How to ensure consumers think your email is useful

Pam McHugh, General Manager, U.S. Operations and Research, Mintel International said this morning at the MarketingSherpa eMail Summit in Miami that 1000 consumers recently surveyed by Mintel found only 26% of personal business email “relevant or useful.”

McHugh presented the importance of each of the following in determining whether or not someone will open your email, thinking it’s useful:

Opportunity to opt-in.

Give respondents every opportunity to opt-in to emails from your company, because 90% of “opt-inners” (opters-in?) said they were somewhat or very likely to open the email.

Make it clear who you are.

83% of Mintel’s respondents said that knowing the sender is very or extremely important and 79% said when they know the sender, subject line is extremely important.

Clearly state the offer in the subject line.

McHugh used an example of a subject line from a credit card email. The original subject line said “enews update”, but according to Hughes, “‘earn up to $500 in statement credits’ would be much better… My son is going to open that email.” The email also contained no less than five Calls-To-Action to refer a friend to the program.

Mind your frequency.

When it came to frequency, Mintel received some “really astounding numbers” according to McHugh. If they know the sender, recipients will “tolerate” 9 emails per month from companies with which they do personal business. “They are not saying they are going to open it all, but they will tolerate it from marketers they are familiar with,” said McHugh.

If consumers do not perceive they have a relationship with you, their tolerance is significantly lower, tolerating only three emails per month.

Related:  Email is a Relational Medium

Target age-segment opportunities.

Those 65+ open less of their personal business email “even if they opted into it” according to McHugh. But once opened, they are fairly likely to respond, responding to 2.5 PB emails in the past week. Knowing the sender is extremely important for 79% of these respondents.

It was extremely important for only 38% of 18-44 year-olds.

Target affluents.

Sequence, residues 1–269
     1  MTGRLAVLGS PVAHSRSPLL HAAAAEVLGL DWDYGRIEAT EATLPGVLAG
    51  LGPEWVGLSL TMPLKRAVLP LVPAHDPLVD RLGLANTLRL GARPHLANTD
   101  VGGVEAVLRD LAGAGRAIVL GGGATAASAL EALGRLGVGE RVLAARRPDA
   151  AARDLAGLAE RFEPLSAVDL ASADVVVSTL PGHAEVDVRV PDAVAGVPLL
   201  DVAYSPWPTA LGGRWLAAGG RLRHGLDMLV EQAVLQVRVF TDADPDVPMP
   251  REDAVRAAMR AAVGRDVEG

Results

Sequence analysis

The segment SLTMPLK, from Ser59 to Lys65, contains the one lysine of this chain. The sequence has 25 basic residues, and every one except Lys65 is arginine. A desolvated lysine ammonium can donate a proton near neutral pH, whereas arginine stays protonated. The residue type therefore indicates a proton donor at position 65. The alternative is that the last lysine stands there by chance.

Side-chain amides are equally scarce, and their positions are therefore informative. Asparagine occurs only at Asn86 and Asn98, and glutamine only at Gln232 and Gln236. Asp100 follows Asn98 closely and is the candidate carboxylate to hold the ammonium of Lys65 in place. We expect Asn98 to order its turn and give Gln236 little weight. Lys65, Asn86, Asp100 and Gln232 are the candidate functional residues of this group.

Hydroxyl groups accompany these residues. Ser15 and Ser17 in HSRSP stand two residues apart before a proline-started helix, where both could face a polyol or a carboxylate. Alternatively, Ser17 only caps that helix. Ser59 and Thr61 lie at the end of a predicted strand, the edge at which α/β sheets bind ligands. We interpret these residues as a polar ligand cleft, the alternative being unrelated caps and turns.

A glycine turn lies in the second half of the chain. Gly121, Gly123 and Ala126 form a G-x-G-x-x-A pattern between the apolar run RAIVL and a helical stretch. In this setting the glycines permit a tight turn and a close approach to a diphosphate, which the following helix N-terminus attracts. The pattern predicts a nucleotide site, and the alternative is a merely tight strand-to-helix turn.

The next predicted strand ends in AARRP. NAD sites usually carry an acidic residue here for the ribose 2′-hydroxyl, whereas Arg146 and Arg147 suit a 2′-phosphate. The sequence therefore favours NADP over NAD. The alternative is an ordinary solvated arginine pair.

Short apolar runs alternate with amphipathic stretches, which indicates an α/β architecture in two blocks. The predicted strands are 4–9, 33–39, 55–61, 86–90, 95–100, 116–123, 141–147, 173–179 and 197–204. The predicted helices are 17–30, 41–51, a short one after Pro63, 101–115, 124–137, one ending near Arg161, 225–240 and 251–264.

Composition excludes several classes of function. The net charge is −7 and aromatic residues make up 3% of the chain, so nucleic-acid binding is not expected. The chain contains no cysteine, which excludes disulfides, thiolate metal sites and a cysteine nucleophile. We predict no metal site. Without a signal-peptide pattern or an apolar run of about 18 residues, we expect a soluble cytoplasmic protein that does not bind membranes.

Those with household income above $100k were most likely to follow through with the purchase of a product or service if they opened the email. They also check their email about five times a day.

Best practices according to Mintel:

1. The more targeted the better. Build demographic information on your contacts over time to improve targeting.

2. Opt-in options. Allow your customers and prospects to opt-in to select types of communications.

3. Clear, concise, subject lines including your company name and offer. “Make that subject line speak to me, if you do, I just might open it,” concluded McHugh.

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3 Comments

  1. Jeff Gwynne says

    Peg-

    A big thanks for sharing these insights. We are just getting into newsletters (albeit B2B and on a much smaller scale) and these tips are extremely helpful.

  2. Zilvinas Juraska says

    My spouse and I absolutely love your blog and find almost all of your post’s to be exactly what I’m looking for. can you offer guest writers to write content in your case? I wouldn’t mind creating a post or elaborating on a few of the subjects you write regarding here. Again, awesome blog!

    1. Daniel Burstein says

      Thanks for the positive comments Zilvinas.

      We don’t have guest writers, per se, like other blogs do. We’ve found those “guest writers” tend to just be shopping the same story around everywhere.

      But what we do every few weeks is ask a question to our audience and then publish the most helpful tips on our blog. The latest question is about Value Proposition and you can answer it here — http://linkd.in/ValueProp

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